|Publication number||US5513319 A|
|Application number||US 08/488,708|
|Publication date||Apr 30, 1996|
|Filing date||Jun 8, 1995|
|Priority date||Jul 2, 1993|
|Publication number||08488708, 488708, US 5513319 A, US 5513319A, US-A-5513319, US5513319 A, US5513319A|
|Inventors||Richard Finch, Eric Schieve|
|Original Assignee||Dell Usa, L.P.|
|Export Citation||BiBTeX, EndNote, RefMan|
|Patent Citations (21), Referenced by (109), Classifications (5), Legal Events (5)|
|External Links: USPTO, USPTO Assignment, Espacenet|
This is a continuation of U.S. Ser. No. 08/086,962 filed Jul. 2, 1993, now abandoned.
The present invention is directed, in general, to diagnostic procedures operable on computer systems and, more particularly, to error recovery circuits for personal computers.
For computer systems in general and for personal computers ("PCs") in particular, it is most helpful for the computer itself to provide an indication of the specific location and nature of faults that occur therein to inform the user of an existence of a fault and to more quickly isolate and economically repair the fault. To that end, current PCs are typically equipped with some form of internal diagnostics, the purpose of which is detection and subsequent isolation of component faults within the PC architecture.
Diagnostic routines consist of a series of instructions executed by the central processing unit ("CPU") within the computer system to allow self-diagnosis. For years, computers have been provided with diagnostic routines that test and report on the operational status or functionality of components within the computer, allowing an interested party to repair or replace components that are not functioning to the desired degree.
Each diagnostic routine is designed to test a particular component of the computer system, such as a central processing unit ("CPU"), an interrupt handler, data, address and control buses, a bus controller, a main and cache memory subsystem, a video subsystem, disk drives and their controllers and so forth, until the computer system has been tested thoroughly. Typically, each diagnostic routine is designed to test each component in as isolated a fashion as possible and with minimal dependence on the correct functioning of other, perhaps faulty hardware. Each diagnostic routine places its chosen component through a relatively grueling procedure designed to elicit faults that may not be immediately apparent during normal operation of the computer system. This is because normal operation of a component may not "stress" the component to the same extent as does the diagnostic routine.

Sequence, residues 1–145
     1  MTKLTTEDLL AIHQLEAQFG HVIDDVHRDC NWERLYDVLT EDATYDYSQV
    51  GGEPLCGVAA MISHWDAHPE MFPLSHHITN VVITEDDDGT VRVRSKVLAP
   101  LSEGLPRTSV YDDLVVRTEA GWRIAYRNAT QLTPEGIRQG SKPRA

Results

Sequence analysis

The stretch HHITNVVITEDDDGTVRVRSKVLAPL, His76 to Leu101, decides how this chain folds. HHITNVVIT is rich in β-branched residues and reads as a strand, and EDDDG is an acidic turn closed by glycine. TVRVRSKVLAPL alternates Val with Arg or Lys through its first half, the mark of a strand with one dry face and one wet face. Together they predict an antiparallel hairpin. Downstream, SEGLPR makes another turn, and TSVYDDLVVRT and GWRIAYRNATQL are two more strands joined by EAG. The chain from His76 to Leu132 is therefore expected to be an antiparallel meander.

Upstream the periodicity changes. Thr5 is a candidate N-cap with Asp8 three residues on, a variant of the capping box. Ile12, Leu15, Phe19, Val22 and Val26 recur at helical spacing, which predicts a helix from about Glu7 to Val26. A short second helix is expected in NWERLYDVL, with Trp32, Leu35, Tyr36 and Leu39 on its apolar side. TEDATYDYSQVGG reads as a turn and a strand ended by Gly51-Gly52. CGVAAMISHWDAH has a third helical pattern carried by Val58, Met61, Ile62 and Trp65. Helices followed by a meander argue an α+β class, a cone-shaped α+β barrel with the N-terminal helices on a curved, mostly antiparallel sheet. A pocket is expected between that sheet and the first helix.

Under many circumstances, diagnostic routines perform their function normally and report to the user the fault, if any, with a particular component. However, there may be occasions on which a fault within the component or other components employed during execution of a particular diagnostic routine keeps the diagnostic routine from executing. Failure to execute may be due to one of a number of reasons. First, the CPU itself may "lock up," trapped in an endless loop or stalled, unable to execute instructions. Alternatively, a faulty component may corrupt the data, address or control buses within the computer system, flooding the buses with worthless data and preventing operation of the buses and of the computer system as a whole.
In prior art systems, if a CPU locks up during execution of a diagnostic routine, the user has to ascertain, by looking at the computer screen, listening to tones generated by a speaker coupled to the computer, listening to the whir of disk drives or through other experience that a problem has occurred and the identity of the component that caused the problem.
Unfortunately, failure of some components can fill the screen with gibberish, rendering it useless. Further, at the execution and display speed of today's PCs, the screen may scroll too quickly for the user to read the information thereon.
In an attempt to rectify the above-noted problem, some prior art computer systems provide a watchdog timer within the system to time execution of a particular diagnostic routine. In those systems, if the particular diagnostic routine being executed takes longer to execute than a certain maximum expected execution time, the watchdog timer expires and sends an interrupt to the CPU, the CPU being responsible for vectoring execution to an error-trapping routine of some sort.
Unfortunately, as noted above, some component faults prevent the CPU itself from operating. Therefore, generation of an interrupt to a nonfunctioning CPU by a conventional prior art watchdog timer does nothing to restore operation of the system. Rather, the PC remains in its non-functional state until the user manually resets or "reboots" the PC. Typically, the user does this by pressing a dedicated hardware reset button on the computer or by discontinuing and reapplying line power to the computer.